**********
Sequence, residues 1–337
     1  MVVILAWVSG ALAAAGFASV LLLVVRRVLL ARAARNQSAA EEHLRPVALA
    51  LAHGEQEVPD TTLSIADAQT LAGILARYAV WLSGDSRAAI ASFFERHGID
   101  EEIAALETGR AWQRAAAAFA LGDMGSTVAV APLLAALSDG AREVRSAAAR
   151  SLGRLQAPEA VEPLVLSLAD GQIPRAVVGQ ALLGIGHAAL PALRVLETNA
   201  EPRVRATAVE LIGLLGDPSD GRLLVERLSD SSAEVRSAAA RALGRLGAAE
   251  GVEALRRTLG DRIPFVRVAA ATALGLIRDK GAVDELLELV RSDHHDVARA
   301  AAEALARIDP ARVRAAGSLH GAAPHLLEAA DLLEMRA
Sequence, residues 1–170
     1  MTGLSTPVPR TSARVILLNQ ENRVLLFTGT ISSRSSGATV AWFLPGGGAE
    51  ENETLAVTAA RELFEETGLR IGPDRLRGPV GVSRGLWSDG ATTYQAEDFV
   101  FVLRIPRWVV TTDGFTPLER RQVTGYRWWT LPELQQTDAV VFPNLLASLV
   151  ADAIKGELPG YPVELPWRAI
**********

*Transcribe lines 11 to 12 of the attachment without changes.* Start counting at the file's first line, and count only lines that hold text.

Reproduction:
    51  ENETLAVTAA RELFEETGLR IGPDRLRGPV GVSRGLWSDG ATTYQAEDFV
   101  FVLRIPRWVV TTDGFTPLER RQVTGYRWWT LPELQQTDAV VFPNLLASLV